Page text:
Glacier National Park
Glacier National Park will celebrate its 100th anniversary May 2010. George Grinnell, known as the "father of Glacier National Park", and Charles N. Pray, a Montana congressman, championed the idea of creating a national park in the area. It became the 10th national park when President Taft signed a bill on May 11, 1910. It got its name because of all the glaciers in the area. Glacier National Park is 1.2 million acres of mountain ranges, deep valleys, and lakes. The park features 60 glaciers, alpine meadows, dense forests, waterfalls, majestic valleys, and over 200 sparkling lakes. The park is home to 936 miles of rivers and streams.
Hiking is a popular activity in the park. Over half of the visitors to the park report taking a hike on the park's nearly 700 miles of trails. Due to the presence of bears and other large mammals, dogs are not permitted on any trails in the park, though they are permitted at front country campsites that can be accessed by a vehicle, and along paved roads.
Many of the trails, lakes, and points of interests are named after people who helped Glacier Park become what it is today. The Grinnell Glacier Trail is one of the most scenic hikes in Glacier National Park. The Grinnell Glacier Trail begins in the Many Glacier Valley. The trailhead is located just down the road from the Many Glacier Hotel at a picnic area. When hiking the Grinnell Glacier Trail, you will pass by crystal clear mountain lakes, towering mountains and will have the unique opportunity to stand on a glacier if one chooses. The trail runs for 6 miles and has a vertical gain of 1600 feet. The first two miles of the trail are essentially flat. Beyond that, the trail has a gradual incline up to its end. The trail ends at Upper Grinnell Lake and Grinnell Glacier at the base of the continental divide.
It is commonly thought that the present name of Lake McDonald was named after trader Duncan McDonald, who carved his name on a tree nearby in 1878. McDonald Lake which lies at an elevation of 3153 feet is the largest lake in Glacier Park. Gouged by a glacier which was 2,000 feet high, the lake itself is 10 miles long and 427 deep at its deepest point. Lake McDonald offers breathtaking scenery and a myriad of activities for the entire family. Bring your hiking boots, fishing poles, and binoculars. You'll want to get the most out of the trails, fishing, and sightseeing that Lake McDonald provides. Apgar is located at the southwestern tip of Lake McDonald. Here you will find amenities such as a visitor center, restaurants (Eddie's Restaurant was started by the first park ranger's son, Eddie and is still in the family today), gift shops, lodging, and a campground. This is a good place to stop and gather all the provisions for a backcountry trip. Apgar is also a gateway to the Going-to-the-Sun Road that follows the eastern shore of Lake McDonald.
Going-to-the-Sun Road runs approximently 50 miles from the east entrance at St. Mary across the continental divide to the west entrance at West Glacier. The road was a spectacular engineering feat, constructed between 1921 and 1932 and costing $3 million. The final section of the Going-to-the-Sun Road, over Logan Pass, was completed in 1932 after 11 years of work. The road is considered an engineering feat and is a National Historic Landmark. This road provides some of the most spectacular views of mountains and lakes in any of America's national parks. This summer the road work will continue west of Logan Pass between the West Tunnel and Haystack Creek. Weather permitting, the entire road will be open for public vehicle traffic from Friday, June 13 to Monday, September 15, 2008. Gas is not available anywhere in the park or on the Going-to-the-Sun Road. Food and lodging can be found along the road at Rising Sun, Lake McDonald Lodge, and Apgar Village. Picnic areas may be found at Rising Sun, Sun point, Avalanche, Sprague Creek, and Apgar.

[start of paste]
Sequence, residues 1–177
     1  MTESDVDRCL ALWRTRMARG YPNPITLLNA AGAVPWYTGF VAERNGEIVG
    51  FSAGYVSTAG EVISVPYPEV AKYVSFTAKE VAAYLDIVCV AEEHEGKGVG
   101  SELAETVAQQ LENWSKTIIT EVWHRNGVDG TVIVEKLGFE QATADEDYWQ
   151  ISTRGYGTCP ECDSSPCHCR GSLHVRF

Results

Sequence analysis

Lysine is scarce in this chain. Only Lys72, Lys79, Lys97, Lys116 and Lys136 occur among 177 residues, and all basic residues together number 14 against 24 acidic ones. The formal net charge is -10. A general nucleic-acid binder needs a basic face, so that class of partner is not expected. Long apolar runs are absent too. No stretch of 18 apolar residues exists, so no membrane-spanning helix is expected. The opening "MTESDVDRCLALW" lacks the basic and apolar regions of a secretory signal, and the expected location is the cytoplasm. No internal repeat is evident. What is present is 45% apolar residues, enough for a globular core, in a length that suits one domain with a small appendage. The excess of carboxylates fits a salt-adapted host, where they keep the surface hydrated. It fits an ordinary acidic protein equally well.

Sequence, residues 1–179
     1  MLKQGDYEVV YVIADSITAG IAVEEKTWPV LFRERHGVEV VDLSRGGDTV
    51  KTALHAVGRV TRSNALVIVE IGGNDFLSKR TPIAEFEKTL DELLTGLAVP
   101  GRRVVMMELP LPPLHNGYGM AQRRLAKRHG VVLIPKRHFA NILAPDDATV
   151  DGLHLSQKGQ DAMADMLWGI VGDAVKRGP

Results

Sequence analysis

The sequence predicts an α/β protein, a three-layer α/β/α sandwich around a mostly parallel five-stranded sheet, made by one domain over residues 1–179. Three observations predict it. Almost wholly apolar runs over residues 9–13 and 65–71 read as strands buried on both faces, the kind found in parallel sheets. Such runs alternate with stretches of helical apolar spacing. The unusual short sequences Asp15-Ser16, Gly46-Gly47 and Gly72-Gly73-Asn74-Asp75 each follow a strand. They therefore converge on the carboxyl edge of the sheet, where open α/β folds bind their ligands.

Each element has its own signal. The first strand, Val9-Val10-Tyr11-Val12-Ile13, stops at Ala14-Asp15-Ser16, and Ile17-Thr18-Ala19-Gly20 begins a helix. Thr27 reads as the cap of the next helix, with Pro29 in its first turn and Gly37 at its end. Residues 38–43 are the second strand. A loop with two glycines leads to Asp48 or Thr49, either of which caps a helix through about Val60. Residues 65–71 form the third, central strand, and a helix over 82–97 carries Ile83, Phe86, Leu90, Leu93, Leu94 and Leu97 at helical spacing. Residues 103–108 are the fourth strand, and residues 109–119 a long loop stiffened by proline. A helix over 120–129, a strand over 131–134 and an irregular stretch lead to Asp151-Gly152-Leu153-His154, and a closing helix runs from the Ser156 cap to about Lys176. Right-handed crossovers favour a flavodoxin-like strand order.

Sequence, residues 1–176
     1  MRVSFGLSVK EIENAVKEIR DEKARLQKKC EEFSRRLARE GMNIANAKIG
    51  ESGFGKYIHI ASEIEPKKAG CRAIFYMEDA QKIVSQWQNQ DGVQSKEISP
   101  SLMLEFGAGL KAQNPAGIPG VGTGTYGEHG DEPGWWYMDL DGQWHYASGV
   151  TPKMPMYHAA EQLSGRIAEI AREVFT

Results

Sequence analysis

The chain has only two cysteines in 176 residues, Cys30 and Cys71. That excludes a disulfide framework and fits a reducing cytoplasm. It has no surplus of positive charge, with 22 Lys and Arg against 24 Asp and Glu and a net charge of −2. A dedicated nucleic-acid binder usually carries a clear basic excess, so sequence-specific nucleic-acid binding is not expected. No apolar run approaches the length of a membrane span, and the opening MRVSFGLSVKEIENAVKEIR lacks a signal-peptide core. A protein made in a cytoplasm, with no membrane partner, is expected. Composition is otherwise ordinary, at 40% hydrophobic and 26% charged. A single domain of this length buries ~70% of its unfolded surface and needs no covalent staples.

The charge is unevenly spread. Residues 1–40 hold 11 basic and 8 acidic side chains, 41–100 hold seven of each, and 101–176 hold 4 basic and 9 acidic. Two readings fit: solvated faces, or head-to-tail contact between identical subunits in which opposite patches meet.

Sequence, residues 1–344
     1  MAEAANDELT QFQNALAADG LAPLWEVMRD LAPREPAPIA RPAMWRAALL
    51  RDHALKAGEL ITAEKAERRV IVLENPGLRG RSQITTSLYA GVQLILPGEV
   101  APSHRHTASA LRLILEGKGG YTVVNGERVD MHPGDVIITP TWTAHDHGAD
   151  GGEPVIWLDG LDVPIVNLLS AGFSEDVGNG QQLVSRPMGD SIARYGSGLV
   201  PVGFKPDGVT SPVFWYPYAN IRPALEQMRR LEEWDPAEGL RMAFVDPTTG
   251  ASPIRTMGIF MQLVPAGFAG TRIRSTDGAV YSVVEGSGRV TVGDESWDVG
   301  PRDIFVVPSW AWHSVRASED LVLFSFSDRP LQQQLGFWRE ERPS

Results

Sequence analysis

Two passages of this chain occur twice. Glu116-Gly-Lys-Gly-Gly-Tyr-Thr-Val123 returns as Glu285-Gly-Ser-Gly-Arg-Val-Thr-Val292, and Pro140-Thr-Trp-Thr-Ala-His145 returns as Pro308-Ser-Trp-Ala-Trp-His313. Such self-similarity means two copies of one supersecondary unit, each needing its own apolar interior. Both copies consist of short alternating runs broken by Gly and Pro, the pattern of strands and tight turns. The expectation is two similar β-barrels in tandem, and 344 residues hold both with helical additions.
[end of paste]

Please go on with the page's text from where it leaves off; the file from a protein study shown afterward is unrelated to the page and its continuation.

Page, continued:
Glacier Park has a variety of wildlife. Big horn sheep, mountain goats, wapiti, (elk), black bear, and whitetail and mule deer are frequently seen. Grizzly bear, moose, wolves and mule deer also live here all year. Locally prevalent birds include osprey, ptarmigan, golden eagle, Clark's nutcracker, and Harlequin duck. The bald eagle also nests and fishes here. As you walk along trails or hike into the back country you can expect to see deer (some will even walk the trails with you), squirrels, chipmunks, birds, etc. One of the most famous animals in the park is the grizzly bear. Visitors to the park often hope to see a grizzly bear but few seldom get the chance. There were once tens of thousands of these animals but now there are only about 900. Glacier Park has the highest concentration of grizzlies in the lower 48 states, it has around 200-300 hundred. At higher elevations mountain goats can be seen scrambling along cliffs and foraging for food. These goats may remain active and on the cliffs year round, living alone or in groups of 2 or 3 animals. When you are traveling the Going-to-the-Sun-Road you will probably see groups of mountain goats along the trails and cliffs. Mountain Goats and Bighorn Sheep are typically seen near Logan Pass.
Today in Glacier Park you can enjoy a variety of activities, including bicycling, hiking and camping, wildlife viewing, photography, horseback riding, boating and fishing in the summer, and cross-country skiing and snowshoeing in the winter.